Also, the word “pareja” in the last line usually means “pair” but can also be used to refer to one member of a pair as it is in this case, and one of the literal translations of the word is actually “partner”.

Next:

Tengo toda clase de brebajes, plantas medicinales
Las he traído desde muy lejanos bosques hasta aquí

Translation:

I have every kind of potion, medicinal plants
I have brought them here from distant forests

Oh what a funny word “brebaje” is, because although “potion” is probably the best contextual translation of it here, the actual meaning of the word is something more like “concoction” or “foul drink” and it’s also a slang term for something sailors call “grog“, haha.

Notice the use of “desde” and “hasta” here, even though the contextual translation (correctly) doesn’t show it as it’s literally written, which would be something like “I have brought them from forrests very far away to here”, you’ll almost always see these two words paired up in Spanish to express “from ___ to ____” as “desde ____ hasta _____”.  The expression can not only be used with physical locations but also with time, as in “I’ll be here from this morning until this afternoon” = “Estoy aquí desde esta mañana hasta esta tarde.” “Desde” literally translates as “from” and “hasta” means “until”.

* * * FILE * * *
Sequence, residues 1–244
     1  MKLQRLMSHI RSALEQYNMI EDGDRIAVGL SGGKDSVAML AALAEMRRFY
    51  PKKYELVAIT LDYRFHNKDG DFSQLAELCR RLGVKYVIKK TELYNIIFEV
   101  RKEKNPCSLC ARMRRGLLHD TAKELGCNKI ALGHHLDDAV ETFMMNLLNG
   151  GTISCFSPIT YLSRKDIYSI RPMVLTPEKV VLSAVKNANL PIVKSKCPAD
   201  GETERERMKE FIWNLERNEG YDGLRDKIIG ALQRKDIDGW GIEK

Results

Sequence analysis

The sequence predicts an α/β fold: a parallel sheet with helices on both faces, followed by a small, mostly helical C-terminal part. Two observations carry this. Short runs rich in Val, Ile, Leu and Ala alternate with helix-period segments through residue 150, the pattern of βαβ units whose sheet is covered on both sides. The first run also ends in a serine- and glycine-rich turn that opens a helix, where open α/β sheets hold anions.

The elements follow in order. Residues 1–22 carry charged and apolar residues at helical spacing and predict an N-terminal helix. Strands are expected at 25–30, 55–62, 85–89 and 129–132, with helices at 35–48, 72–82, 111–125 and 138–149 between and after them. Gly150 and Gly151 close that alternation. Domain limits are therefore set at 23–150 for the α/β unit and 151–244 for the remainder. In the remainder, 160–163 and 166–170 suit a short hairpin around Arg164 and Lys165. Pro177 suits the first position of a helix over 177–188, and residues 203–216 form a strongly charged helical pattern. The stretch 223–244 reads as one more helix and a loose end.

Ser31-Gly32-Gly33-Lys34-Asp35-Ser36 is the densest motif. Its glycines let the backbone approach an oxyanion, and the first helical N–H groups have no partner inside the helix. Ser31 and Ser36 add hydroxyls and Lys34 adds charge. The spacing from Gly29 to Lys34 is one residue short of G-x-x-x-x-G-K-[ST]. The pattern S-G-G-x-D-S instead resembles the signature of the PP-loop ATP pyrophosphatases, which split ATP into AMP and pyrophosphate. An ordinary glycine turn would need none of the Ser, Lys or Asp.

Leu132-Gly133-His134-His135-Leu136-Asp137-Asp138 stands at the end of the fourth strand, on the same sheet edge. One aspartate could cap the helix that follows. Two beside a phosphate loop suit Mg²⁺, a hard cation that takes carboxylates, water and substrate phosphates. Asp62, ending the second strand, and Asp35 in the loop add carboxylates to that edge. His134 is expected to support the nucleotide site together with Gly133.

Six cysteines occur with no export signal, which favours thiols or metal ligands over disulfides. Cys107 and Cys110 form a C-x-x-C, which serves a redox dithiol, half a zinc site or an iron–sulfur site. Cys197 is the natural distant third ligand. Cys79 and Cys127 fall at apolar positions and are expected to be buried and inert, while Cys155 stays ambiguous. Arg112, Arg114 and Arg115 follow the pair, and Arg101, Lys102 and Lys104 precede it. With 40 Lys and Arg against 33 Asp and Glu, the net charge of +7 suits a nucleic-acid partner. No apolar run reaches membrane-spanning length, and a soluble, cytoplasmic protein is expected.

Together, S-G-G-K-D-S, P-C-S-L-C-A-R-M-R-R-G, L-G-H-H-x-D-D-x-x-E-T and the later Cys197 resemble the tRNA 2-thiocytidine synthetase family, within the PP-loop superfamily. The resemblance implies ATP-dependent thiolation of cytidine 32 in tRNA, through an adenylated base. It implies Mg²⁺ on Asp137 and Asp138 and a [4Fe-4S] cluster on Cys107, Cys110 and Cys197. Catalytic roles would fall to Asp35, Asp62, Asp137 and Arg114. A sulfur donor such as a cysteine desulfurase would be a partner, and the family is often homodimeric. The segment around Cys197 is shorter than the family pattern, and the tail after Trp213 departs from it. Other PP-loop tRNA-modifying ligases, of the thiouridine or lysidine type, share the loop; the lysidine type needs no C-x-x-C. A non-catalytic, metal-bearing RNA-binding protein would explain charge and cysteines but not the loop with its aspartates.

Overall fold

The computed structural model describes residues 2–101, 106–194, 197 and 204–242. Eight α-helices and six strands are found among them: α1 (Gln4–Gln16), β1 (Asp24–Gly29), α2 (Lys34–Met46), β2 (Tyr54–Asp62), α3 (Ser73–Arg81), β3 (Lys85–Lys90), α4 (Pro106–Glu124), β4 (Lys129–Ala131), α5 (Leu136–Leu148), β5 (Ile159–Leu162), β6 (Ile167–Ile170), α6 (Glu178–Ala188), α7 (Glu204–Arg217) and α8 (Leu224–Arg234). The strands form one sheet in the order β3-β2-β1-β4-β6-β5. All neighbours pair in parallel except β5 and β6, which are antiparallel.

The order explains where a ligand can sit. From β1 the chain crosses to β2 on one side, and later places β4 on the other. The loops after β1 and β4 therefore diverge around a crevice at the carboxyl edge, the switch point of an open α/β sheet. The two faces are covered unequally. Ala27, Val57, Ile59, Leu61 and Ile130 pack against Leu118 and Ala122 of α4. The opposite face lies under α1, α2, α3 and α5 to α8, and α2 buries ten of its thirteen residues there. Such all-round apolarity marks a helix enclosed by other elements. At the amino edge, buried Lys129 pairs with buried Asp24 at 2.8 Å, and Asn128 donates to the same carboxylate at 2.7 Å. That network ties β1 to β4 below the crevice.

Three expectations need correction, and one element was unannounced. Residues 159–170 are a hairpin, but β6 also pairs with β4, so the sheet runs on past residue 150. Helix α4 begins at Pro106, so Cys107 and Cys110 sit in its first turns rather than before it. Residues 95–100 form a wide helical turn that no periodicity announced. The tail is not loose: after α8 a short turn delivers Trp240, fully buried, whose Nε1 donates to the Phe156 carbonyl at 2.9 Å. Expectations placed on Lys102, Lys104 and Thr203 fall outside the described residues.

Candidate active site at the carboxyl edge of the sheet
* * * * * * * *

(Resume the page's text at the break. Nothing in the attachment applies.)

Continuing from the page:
Next verse:

Soy yerbatero, vengo a curar su mal de amores
Soy el que quita los dolores y habla con los animales
Dígame de que sufre usted
Que yo le tengo un brebaje
Que le devuelve el tono y lo pone bien

Which means:

I’m a healer, I’m coming to cure your love sicknesses
I’m the one who takes away the pain and speaks with the animals
Tell me what you suffer from
‘cause I have a potion for you
‘cause I return you to your complexion and it makes you well

Let’s look at the first line where it says “vengo a curar su mal de amores”, now “vengo” is the present first person form of “venir” which means “to come” and “curar” means “to cure or heal”, but what’s interesting is the phrase “su mal de amores”, because “mal” literally translates as “bad” but can be used in so many other ways that all make sense when you understand that the primary definition of the word is “bad”: it can mean evil, harm, damage, or even “bad times” in the context of “in bad times and good” as we saw Shakira use it in her song Suerte where she says “Contigo celebro y sufro todo mis alegrías y mis males” which means “With you I celebrate and suffer everything, the good times and the bad”, or it can mean “illness” as it does in this case.  This is just one of those words that has a billion different meanings depending on the context and that gets used left, right, and center that you should be aware of.